“Democracy is not for sale, we’re not too old to go to jail.” — Democracy Spring chant
Even though it was her birthday, Sue Sorensen wanted to get arrested.
And she did. At 75, it was her first arrest.
She was in good company. The mass arrests at the eight-day Democracy Spring demonstrations in Washington, D.C. earlier this month, where Sorensen was protesting, were the largest since the Vietnam War era. Also arrested were Ben Cohen and Jerry Greenfield of Ben & Jerry’s Ice Cream, Harvard law professor Lawrence Lessig and actress Rosario Dawson.
Capitol Police made more than 1,240 arrests, according to USA Today. Many of those were seniors.
Not Too Old to Go to Jail
Sorensen is part of a group of activist elders who organized Elders Standing for Democracy Spring — part of the Democracy Spring demonstrations. The goal of their sit-in: drive money from politics and expand voting rights. Their means: Block the steps to the Capitol and get arrested to draw attention to the causes.
Sorensen weighed what it would mean to spend part of her birthday under arrest. “What more valuable thing could I do on my birthday then take a stand for my children and grandchildren?” she eventually decided. “It was very symbolic for me to be there and celebrate it in that way.”
“The whole focus behind this is to get big money out of our election process and eliminate voter discrimination,” Sorensen told Senior Planet.
“Back in the ’60s and ’70s when protests were going on, we had small children,” she said. “That was not something I could have possibly done at the time. It took some getting my courage up.”
The charges against the protestors were crowding, obstructing or incommoding. Along with the other arrested protestors, Sorensen got a wrist band with the number of her arresting officer, a citation and a $50 fine. She had to surrender her IDs and was put in a holding pen while officers checked for outstanding warrants.
“It turned out this was a very good first experience,” Sorensen said.
A Positive Message
Sorensen worked alongside other activist elders to mobilize elders for the demonstrations. They sent email blasts and held weekly conference calls. They also had T-shirts printed that read, “Elders Standing for Future Generations.”
Sorensen, a co-founders with her husband John of Conscious Elders Network, flew to D.C. from Truckee, California. Other seniors came from Texas and Colorado, carrying hand-made posters decorated with photos of their grandchildren and slogans like, “I’m an elder speaking for the future.”
One of the organizers who worked alongside Sorensen was Lynne Iser of Elder Activists.org. Iser, 66, estimates that as many as half of the 5,000 or so Democracy Spring participants were seniors. She reached prospective protestors via her website and eblasts — but mainly on Facebook.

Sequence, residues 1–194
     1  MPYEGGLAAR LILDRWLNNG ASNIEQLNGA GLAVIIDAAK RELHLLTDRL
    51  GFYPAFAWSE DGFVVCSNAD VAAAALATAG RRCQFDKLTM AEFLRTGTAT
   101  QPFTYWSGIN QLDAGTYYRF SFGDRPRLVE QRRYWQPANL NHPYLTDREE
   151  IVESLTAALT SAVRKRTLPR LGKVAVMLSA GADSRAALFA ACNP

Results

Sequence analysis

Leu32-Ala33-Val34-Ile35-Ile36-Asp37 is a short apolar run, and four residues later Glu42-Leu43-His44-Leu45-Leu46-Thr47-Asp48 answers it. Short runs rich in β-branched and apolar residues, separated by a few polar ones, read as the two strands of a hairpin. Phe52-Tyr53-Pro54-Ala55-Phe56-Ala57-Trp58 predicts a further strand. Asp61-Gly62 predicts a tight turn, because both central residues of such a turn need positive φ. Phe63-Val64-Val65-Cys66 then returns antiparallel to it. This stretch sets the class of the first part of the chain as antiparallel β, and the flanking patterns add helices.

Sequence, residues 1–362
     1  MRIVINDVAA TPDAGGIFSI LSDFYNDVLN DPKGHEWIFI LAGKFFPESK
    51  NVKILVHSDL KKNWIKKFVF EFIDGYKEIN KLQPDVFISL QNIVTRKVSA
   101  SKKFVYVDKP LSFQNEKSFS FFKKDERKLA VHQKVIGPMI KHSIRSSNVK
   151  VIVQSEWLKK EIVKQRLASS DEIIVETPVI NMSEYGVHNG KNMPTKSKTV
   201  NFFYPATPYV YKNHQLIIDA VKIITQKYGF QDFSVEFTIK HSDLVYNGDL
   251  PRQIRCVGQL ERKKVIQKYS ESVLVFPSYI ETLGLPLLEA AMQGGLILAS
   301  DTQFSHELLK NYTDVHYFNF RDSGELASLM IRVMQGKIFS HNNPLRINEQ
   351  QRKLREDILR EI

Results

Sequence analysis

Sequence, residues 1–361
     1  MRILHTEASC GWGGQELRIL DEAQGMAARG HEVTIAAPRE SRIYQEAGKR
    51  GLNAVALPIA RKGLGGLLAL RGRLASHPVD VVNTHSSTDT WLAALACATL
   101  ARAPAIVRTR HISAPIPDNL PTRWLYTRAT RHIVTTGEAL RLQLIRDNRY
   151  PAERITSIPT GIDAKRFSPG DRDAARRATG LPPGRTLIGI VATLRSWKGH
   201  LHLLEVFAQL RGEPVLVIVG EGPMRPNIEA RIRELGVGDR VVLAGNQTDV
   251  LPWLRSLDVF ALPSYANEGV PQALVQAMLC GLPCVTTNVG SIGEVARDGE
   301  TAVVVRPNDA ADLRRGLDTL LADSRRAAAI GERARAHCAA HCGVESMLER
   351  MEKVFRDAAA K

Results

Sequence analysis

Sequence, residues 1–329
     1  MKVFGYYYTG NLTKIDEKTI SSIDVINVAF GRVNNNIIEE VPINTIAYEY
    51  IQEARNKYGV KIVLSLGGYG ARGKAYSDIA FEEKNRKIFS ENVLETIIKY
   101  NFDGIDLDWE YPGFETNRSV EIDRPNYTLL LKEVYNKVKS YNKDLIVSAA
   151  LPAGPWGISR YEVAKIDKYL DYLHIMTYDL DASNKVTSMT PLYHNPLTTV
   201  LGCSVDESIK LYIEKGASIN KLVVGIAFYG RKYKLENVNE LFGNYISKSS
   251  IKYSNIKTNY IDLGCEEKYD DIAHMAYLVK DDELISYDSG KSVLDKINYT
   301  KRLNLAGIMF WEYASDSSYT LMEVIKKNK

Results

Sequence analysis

Iser has been a full-time activist for the last five years or so. “My experience with elders is they don’t want to be angry,” she said. “My response to that is to put forward a positive message of what we want. We want a thriving word, we want a just world, we want money out of politics.”
“Nothing is sadder than hearing my brother say, ‘There’s too much money in politics, but what can we do about it? You’ll never influence Congress because the lobbyists have already gotten to them.’ I want to bring back citizenship as something really sacred. It’s a responsibility to be a citizen,” she said.
An Intergenerational Effort
At the D. C. protests, which ended April 18, Iser saw a lot of respect and appreciation between the older people and their younger counterparts. “Our march route was a little shorter than the march route on other days,” she said. “They carried folding chairs for us. The Capitol Police moved some of those folding chairs so we had folding chairs in the holding areas” after being arrested.
“The Capitol Police gave us water. When I said, ‘How kind of you,’ they told me, ‘You paid for them.’”
Among those Iser helped mobilize were Ximena Urrutia-Rojas, 70, and her husband, Ricardo Rojas, 71, of Llano, Texas, who were there carrying pictures of their grandchildren.
“It’s not democracy if a few guys buy elections,” Rojas said. “It’s not democracy if only 30 percent of the people are voting. That’s not democracy. We’ve got to do something to change that.”
They’re already planning their next actions. “We are in touch with the elders and with Lynne. No matter what demonstration, no matter where, we will be there,” Rojas said.
“I don’t know if it will change within our lifespan, but we have to change it for our kids,” he said.
Photo: Democracy Spring
[Updated 4/5/16 to correct an error: John Sorensen did not accompany his wife Sue to April’s democracy Spring protests in DC.]